A low appraisal can impede the process for homeowners seeking to refinance a conventional mortgage. The home needs to appraise at or above the desired refinance amount for loan approval.
However, if you have an existing FHA mortgage, you may be eligible for a refinance without an appraisal through the FHA streamline program, a favorable option for underwater homeowners.
Frequently Asked Questions
1. How Long Does a Home Appraisal Take?
An average appraisal process takes about seven to ten days. During this time, the appraiser conducts an interior and exterior inspection, measures the square footage, evaluates the property’s features, and analyzes recent comparable sales (comps). The exact duration can vary based on the appraisal’s complexity and the appraiser’s schedule.
2. What Does a Home Appraisal Cost?
Home appraisals typically range from $300 to $450. The cost can fluctuate based on factors like the property’s location, size, and condition. It’s essential to work with appraisers who charge flat fees or hourly rates. Appraisers who expect a percentage of the home’s value should be avoided, as this practice is unethical.
3. What Happens After the Appraisal?
After a successful appraisal, it becomes part of the closing process’s paperwork. The next step is mortgage underwriting, where the entire loan file is reviewed to ensure all necessary documents have been submitted and the loan’s risk is assessed. Based on this assessment, the lender will either approve or deny the loan.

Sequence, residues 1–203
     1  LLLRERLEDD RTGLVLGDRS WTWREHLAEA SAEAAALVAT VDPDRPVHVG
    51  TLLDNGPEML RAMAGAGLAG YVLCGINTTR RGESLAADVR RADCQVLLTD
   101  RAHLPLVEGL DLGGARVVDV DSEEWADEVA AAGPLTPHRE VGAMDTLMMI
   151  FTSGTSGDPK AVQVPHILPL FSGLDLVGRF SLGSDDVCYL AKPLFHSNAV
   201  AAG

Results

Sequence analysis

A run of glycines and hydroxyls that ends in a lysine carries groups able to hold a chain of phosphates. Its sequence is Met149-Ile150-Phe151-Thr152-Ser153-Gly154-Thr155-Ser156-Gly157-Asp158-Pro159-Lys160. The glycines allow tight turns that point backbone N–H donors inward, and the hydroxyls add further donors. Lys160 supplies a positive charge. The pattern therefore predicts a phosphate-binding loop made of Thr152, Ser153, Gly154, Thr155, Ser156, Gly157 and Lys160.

4. What Can Lower a Home Appraisal?
Several factors can lower a home appraisal, with the property’s location being a significant influencer. An undesirable neighborhood or proximity to unfavorable features like junkyards, power lines, or busy streets can negatively impact the property’s value. While you can’t change the property’s location, you can positively influence other factors. Maintaining a well-kept property, addressing repairs, and presenting a clean and clutter-free environment can enhance the appraisal’s outcome.
The home appraisal process is integral to any real estate transaction, ensuring a fair and accurate property valuation. Whether you’re buying, selling, or refinancing, understanding how appraisals work and how they impact your transaction can help you navigate the process with confidence. Should you have any questions or need professional guidance through the appraisal process, reach out to 1st United Mortgage at (931) 548-1985 or visit our website. We’re here to assist you in making informed real estate decisions.